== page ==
Living in Harmony:
The Genesee Valley Daoist Hermitage

By Peg Kingery

  Da-Jin (left) and Charlotte (right) in front of their garlic crop

Da-Jin (left) and Charlotte (right) in front of their garlic crop

Amidst the sloping Palouse hills lies the former Borgen family farm, original homesteaders of Genesee, Idaho. This century farm is now home to the Genesee Valley Daoist Hermitage, a fitting location for a healing center and organic farm that utilizes many ancient Chinese traditional practices. Gracious and welcoming, owners Da-Jin and Charlotte Sun bought the farm in 1992 and founded the hermitage in 1994.

Charlotte’s educational background is in Chinese Medical Nutrition. She spent 30 years studying and teaching Daoist healing practices in San Francisco at the Daoist Longevity Center and in China at the Qigong Science Research Institute, where she met Da-Jin. Deciding it was time to move out of California, the two came to Moscow, where Charlotte’s sister lived. At the encouragement of her teachers in China, Charlotte felt called to open a Daoist hermitage, choosing the Palouse for its location.

The old farm needed some work — it didn’t have a septic system and the well was over 100 years old. The Suns made the necessary improvements and renovated the building using recycled and “gently-used” materials, relying on feng shui as their guiding force.

Charlotte and Da-Jin wanted to grow their own organic and sustainably-farmed food. They first made sure that the soil and water were clean. During the Chinese Cultural Revolution, children were sent to farms to reconnect with the land, Da-Jin included. He used the skills he learned overseeing the gardens of a 30,000 person commune to design the gardens at the hermitage.

Their gardens don’t have insect problems, except when the neighboring farms spray their fields. Thankfully, their neighbors let them know when they will be spraying, and also hand-spray the edges of their fields to minimize any pesticide drift. The Suns don’t use any pesticides on their crops, not even “acceptable” organic sprays.

  Da-Jin discusses his garlic scapes.

Da-Jin discusses his garlic scapes.

Their first crop was one acre of soybeans planted and harvested completely by hand. They are still eating them today!

Da-Jin and Charlotte’s farm has been registered organic since 2002. They grow close to 30 different vegetables, as well as 40 medicinal herbs for healing teas.

“We work with the land, not against it [when choosing what to grow],” Charlotte said.

They sold their produce at Moscow’s Farmer’s Market for 20 years and have been selling produce, eggs, and seeds to the Co-op for nearly 30. They also provide produce to the Black Cypress, a local restaurant in Pullman, Wash. They use strict food safety practices when harvesting and cleaning their produce.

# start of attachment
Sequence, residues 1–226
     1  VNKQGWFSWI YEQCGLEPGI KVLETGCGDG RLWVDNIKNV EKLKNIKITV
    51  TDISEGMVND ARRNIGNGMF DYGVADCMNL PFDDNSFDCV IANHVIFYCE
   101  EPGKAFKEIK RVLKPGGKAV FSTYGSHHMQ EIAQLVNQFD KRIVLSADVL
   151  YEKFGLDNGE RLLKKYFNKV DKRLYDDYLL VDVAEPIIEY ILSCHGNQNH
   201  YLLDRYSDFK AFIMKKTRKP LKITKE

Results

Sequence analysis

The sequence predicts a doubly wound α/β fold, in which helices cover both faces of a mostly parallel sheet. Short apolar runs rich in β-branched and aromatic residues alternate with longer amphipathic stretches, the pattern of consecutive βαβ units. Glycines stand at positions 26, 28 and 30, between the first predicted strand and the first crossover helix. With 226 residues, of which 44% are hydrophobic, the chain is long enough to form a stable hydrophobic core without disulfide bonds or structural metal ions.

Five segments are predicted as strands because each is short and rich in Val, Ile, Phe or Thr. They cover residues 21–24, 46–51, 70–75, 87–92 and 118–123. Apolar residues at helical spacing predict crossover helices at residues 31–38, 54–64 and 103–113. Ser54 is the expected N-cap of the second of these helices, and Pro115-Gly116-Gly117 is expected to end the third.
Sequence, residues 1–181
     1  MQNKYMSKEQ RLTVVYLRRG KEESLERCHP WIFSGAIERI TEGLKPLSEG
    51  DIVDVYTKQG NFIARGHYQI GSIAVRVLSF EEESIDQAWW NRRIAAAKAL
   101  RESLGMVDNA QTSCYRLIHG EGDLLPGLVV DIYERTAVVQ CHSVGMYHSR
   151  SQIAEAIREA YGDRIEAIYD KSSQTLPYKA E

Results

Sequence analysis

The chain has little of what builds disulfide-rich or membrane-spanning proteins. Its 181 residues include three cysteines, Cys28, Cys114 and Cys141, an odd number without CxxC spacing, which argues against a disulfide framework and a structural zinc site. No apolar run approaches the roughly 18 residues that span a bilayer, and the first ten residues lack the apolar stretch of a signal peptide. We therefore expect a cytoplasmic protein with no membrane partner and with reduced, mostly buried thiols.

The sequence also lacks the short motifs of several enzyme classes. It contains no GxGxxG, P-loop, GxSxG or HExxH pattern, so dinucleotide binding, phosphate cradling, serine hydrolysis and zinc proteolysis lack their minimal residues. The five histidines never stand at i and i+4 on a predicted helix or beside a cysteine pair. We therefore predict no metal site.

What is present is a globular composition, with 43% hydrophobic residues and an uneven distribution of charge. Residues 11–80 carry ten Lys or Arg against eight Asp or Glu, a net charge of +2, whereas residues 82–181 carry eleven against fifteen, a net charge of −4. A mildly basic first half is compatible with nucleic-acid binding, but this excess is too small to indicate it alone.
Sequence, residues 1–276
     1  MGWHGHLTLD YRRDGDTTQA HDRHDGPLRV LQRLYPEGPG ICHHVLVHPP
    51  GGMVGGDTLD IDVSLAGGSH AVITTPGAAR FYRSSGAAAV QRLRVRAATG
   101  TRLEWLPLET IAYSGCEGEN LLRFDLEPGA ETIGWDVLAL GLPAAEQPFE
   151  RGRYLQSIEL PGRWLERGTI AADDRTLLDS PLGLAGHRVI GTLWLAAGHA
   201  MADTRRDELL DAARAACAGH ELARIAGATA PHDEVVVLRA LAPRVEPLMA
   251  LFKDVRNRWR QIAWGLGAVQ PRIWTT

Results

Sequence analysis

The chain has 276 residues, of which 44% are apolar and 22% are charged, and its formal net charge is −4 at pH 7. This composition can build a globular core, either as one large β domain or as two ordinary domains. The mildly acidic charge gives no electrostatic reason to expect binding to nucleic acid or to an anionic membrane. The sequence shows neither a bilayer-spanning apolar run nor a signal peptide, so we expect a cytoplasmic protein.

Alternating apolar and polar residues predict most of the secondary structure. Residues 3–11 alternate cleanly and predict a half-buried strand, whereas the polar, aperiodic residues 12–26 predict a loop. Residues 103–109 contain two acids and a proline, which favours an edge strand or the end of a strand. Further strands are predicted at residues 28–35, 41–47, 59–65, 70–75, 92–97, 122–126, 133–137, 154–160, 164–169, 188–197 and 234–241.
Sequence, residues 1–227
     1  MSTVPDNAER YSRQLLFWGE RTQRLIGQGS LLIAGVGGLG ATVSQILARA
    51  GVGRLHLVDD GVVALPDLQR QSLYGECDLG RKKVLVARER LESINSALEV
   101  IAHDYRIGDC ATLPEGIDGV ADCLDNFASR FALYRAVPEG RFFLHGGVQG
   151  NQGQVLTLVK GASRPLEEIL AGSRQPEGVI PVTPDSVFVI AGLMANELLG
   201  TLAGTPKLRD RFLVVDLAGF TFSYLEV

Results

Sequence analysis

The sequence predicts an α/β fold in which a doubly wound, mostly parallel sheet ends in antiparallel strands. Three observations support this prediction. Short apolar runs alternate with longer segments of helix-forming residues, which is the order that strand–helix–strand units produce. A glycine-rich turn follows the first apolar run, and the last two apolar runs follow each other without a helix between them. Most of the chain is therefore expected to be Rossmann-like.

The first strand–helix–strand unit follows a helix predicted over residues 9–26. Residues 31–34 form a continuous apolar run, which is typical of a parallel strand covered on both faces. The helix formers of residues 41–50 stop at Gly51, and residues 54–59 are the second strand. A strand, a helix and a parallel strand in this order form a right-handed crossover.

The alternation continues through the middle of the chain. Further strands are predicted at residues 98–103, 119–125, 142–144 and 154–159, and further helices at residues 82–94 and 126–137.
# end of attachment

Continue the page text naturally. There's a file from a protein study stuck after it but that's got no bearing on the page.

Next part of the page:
“If it’s not good enough for us to eat, it’s not good enough for the community,” Da-Jin said.

Growing organic vegetables and herbs isn’t all that occupies Da-Jin’s and Charlotte’s time. They raise chickens and ducks and grow the flax straw used for the bedding in their coop. Their kitchen is a certified commercial kitchen where Da-Jin holds cooking classes. A large sun-room space off the kitchen is used for plant starts and for drying the medicinal herbs Da-Jin uses in his Chinese medicine clinical practice. On Wednesday evenings they host a Qigong open practice session.

Space in the farm is available to rent for meetings, day or weekend retreats, and sometimes houses students studying Daoism.

The Suns also host a vegetarian Chinese community meal on Sundays using farm-fresh produce in season. Proceeds from this meal go to the Genesee Mountain Village Foundation, an organization that provides for the education of orphaned and disadvantaged children in China. Charlotte serves on the foundation’s Board of Directors.

The warmth of spring brings much-anticipated garlic scapes from Da-Jin and Charlotte’s garden to the Co-op.  Even though they could bring in more income selling heads of garlic instead, they believe in the benefit of eating the whole plant. Their focus is on nutrition, not money.

“Food is medicine. [It’s important to learn] how to cook it,” Da-Jin believes.

Da-Jin and Charlotte’s commitment to organic and sustainable farming practices, the health benefits of organic whole foods and herbs, and Daoist healing practices create a peaceful and nurturing environment at their hermitage.

And about the garlic scapes the Suns grow? They are most nutritious when picked when the stem has two curls and one leaf, and the seed head is soft and slightly yellow.

  Da-Jin demonstrates how to find a perfect garlic scape

Da-Jin demonstrates how to find a perfect garlic scape

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